A report in the National Post this week that detailed the treatment of a patient suffering from acute anorexia in a Vancouver hospital has one of the province’s senior health officials concerned that others in urgent need of care may now be too frightened to seek help.
“Eating disorders have a lot of stigma,” notes Dr. Julia Raudzus, medical director of B.C.’s adult tertiary eating disorder program at St. Paul’s Hospital. “And there is a lot of fear, even within the community of health professionals, around how to treat eating disorders. If someone is influenced by further fear that treatment is somehow scary or punishing, that may influence them to not seek treatment.”
Lenore Turton told the National Post that doctors at St. Paul's hospital called security, stripped her and locked her up after she panicked and tried to leave the hospital when a nasal gastric tube was being fitted. Turton reportedly came to the hospital for treatment voluntarily. "I came to the hospital voluntarily, seeking treatment, but I wasn’t offered any. Instead, I was detained with all my rights taken from me," she said.
Although unable to comment on Ms. Turton’s situation specifically, for reasons of confidentiality, Dr. Raudzus says that even when a patient with an eating disorder expresses the desire to live, the disease can sabotage their ability to change their behaviour in order to match that desire.
“An eating disorder is a mental illness,” she explains. “It is a complex psychiatric illness that confers the highest level of morbidity and death.”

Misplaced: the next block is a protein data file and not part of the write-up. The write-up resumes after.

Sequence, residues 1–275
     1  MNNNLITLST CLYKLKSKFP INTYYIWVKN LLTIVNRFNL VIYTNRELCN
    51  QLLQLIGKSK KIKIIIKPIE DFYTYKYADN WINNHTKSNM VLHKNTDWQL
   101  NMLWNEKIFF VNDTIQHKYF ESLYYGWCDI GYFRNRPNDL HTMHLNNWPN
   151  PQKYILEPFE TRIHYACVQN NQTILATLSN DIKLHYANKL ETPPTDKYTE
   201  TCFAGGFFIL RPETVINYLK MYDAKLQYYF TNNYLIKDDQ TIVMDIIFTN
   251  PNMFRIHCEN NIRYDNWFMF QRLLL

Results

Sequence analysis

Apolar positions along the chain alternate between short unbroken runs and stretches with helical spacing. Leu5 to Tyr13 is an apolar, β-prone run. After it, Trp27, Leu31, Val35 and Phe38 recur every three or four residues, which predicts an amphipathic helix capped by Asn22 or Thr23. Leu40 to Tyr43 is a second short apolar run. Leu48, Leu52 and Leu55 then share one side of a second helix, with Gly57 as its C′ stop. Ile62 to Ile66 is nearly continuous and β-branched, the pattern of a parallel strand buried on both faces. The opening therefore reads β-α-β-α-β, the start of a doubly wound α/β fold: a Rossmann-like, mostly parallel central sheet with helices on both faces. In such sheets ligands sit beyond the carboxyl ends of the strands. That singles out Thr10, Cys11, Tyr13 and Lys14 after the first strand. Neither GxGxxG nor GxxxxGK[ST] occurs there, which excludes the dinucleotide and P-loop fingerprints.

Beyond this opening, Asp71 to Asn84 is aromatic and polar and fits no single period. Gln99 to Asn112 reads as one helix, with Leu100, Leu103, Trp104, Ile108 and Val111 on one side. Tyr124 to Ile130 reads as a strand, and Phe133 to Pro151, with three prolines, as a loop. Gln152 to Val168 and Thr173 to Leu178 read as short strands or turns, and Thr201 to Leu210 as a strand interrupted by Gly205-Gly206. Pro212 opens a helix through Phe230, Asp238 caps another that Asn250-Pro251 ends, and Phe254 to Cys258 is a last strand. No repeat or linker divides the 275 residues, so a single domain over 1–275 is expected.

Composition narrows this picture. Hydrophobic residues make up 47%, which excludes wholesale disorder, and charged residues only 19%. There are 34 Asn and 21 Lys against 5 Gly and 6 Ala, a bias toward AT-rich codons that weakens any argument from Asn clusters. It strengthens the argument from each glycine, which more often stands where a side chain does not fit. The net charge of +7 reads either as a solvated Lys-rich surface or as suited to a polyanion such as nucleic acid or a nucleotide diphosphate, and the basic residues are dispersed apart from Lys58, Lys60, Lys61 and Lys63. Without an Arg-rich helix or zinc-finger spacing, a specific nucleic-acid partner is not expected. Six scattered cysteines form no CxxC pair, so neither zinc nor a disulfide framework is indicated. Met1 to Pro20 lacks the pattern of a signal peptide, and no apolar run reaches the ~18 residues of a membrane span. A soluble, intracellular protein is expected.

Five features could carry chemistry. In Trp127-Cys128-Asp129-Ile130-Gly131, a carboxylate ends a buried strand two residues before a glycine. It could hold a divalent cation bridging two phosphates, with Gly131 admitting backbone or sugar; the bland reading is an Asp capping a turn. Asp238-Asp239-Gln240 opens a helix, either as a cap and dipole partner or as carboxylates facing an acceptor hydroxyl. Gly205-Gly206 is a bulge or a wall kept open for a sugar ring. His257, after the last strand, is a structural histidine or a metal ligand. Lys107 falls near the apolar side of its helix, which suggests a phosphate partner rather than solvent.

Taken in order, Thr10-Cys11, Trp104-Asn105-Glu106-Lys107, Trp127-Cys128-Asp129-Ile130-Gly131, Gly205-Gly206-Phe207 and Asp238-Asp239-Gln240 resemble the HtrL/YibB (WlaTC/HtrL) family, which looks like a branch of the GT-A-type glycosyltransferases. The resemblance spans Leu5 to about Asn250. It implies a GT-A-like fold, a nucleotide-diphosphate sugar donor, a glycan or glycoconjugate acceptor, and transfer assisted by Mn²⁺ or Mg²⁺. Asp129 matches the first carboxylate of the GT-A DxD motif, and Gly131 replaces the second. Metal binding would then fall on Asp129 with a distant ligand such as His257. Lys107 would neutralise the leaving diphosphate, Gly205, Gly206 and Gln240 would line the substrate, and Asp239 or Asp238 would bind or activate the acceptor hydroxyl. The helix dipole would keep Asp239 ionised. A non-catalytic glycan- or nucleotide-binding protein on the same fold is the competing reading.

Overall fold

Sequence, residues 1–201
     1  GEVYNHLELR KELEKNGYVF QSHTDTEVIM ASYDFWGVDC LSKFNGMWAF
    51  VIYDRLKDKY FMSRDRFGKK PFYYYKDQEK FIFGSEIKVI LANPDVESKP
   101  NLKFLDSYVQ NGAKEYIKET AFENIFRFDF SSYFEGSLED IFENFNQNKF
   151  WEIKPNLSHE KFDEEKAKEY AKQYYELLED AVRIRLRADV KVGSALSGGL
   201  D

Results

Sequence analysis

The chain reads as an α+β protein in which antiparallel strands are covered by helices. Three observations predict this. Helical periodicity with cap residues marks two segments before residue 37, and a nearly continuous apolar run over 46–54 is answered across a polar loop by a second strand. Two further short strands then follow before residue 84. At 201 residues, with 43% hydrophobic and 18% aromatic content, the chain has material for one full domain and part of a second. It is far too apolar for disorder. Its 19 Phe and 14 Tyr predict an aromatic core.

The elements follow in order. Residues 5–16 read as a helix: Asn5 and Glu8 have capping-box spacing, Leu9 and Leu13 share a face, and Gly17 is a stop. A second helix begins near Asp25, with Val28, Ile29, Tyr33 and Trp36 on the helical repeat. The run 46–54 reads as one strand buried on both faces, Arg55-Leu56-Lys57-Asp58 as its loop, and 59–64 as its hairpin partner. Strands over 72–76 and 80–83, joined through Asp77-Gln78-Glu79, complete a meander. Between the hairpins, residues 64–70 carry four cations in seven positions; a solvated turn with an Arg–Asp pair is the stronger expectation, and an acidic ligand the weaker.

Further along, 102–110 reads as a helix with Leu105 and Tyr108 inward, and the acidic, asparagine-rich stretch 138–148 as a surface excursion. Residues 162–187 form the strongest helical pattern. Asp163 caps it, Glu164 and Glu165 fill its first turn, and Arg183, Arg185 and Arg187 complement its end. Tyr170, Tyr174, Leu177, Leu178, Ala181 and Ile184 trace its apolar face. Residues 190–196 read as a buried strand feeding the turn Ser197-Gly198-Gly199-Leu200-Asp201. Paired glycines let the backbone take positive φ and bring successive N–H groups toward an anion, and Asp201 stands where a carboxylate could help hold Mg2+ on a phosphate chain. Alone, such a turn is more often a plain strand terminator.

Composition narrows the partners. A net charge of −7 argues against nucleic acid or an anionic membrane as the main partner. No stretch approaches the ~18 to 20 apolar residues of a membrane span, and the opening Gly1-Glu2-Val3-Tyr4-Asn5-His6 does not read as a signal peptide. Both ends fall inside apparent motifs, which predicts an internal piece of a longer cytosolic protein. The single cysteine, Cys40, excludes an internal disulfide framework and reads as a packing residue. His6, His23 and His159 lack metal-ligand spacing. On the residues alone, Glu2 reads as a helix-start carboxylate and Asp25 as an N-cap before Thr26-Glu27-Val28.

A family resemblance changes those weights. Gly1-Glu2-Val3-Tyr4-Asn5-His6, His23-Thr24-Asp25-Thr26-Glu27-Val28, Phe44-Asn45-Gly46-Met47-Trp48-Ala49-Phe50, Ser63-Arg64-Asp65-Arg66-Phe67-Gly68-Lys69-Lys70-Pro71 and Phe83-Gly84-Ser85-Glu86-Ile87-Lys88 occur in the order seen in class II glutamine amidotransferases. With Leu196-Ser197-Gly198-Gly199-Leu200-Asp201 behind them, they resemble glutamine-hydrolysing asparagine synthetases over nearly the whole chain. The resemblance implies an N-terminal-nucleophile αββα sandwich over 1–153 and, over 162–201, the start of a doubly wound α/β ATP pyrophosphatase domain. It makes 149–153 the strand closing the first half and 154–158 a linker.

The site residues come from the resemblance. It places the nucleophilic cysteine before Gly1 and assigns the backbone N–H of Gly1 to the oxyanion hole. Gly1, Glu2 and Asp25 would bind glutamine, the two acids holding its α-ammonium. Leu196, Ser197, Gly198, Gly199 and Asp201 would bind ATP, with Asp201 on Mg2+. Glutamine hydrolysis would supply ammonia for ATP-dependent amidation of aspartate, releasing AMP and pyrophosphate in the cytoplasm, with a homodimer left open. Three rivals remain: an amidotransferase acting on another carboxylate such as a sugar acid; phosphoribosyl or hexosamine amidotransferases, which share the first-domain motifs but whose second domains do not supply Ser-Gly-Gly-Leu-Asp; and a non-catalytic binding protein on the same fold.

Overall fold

In cases where someone with an eating disorder is in imminent risk of death, acute hospitalization is required, Raudzus says, and in order to stabilize their physical condition, constant feeding through a nasal gastric tube is necessary.
In less acute situations a care plan is worked out with the patient and goals are set to help them reach a physical state that allows them to leave hospital. The difficulty comes when the individual is in grave physical danger and is unable to appreciate the severity of their situation.
“We recognize that an acute hospital admission is not a great way to do all of the psychological work, but it is a great place to save someone’s life.
“If someone is really sick, it doesn’t matter how ready they are for treatment, they need medical intervention in order to live.”
How able a patient is to understand their situation and make informed consent about treatment is an ethical dilemma medics face all the time, says Anita Ho, associate professor at UBC’s Centre for Applied Ethics and director of ethics services for Providence Health Care. Though St. Paul’s is part of Providence, Ho was not involved in Turton’s case.
“If a patient has the capacity to make a decision about their treatment, usually they have the right to do so,” she says.
In an urgent life-saving situation with a cognizant patient, the law actually requires consent, she explains. “The usual example given here is that of a Jehovah’s Witness who refuses a blood transfusion knowing that decision will result in death.”
In a situation where a patient is suffering from a psychological disorder and is considered to be posing an immediate health risk to themselves or others, the Mental Health Act may be invoked to commit that person to care. This may involve the use of restraints, either physical or chemical (anti-psychotics), but does not automatically mean their physical illness may be treated unless the patient’s lack of ability to make a reasonable decision about it would lead to their death.
“For example, someone presents believing themselves to be God and wants to fly out of the window, then no, we can’t allow that,” she says.
The issue for medical professionals is to ask whether the patient will be happy to have their life saved in the long term.
“We would have no suicide prevention at all if we decided to take a depressed person’s word that they would be better off dead,” she notes.
Turton told the National Post that she is now home and eating solid food again. She is getting married in two weeks.